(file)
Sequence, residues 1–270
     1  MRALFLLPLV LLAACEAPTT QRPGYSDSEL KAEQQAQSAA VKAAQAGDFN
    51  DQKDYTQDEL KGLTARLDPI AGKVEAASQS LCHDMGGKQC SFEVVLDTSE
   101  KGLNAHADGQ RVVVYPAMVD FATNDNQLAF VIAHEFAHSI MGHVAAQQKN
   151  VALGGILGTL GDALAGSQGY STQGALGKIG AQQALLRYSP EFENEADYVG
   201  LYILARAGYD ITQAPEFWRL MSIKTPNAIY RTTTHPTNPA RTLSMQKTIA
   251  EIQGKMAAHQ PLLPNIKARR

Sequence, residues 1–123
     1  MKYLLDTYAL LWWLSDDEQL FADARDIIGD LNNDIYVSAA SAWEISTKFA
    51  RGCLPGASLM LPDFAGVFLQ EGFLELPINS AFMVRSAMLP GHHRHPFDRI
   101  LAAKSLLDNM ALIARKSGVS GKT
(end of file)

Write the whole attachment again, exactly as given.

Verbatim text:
Sequence, residues 1–270
     1  MRALFLLPLV LLAACEAPTT QRPGYSDSEL KAEQQAQSAA VKAAQAGDFN
    51  DQKDYTQDEL KGLTARLDPI AGKVEAASQS LCHDMGGKQC SFEVVLDTSE
   101  KGLNAHADGQ RVVVYPAMVD FATNDNQLAF VIAHEFAHSI MGHVAAQQKN
   151  VALGGILGTL GDALAGSQGY STQGALGKIG AQQALLRYSP EFENEADYVG
   201  LYILARAGYD ITQAPEFWRL MSIKTPNAIY RTTTHPTNPA RTLSMQKTIA
   251  EIQGKMAAHQ PLLPNIKARR

Sequence, residues 1–123
     1  MKYLLDTYAL LWWLSDDEQL FADARDIIGD LNNDIYVSAA SAWEISTKFA
    51  RGCLPGASLM LPDFAGVFLQ EGFLELPINS AFMVRSAMLP GHHRHPFDRI
   101  LAAKSLLDNM ALIARKSGVS GKT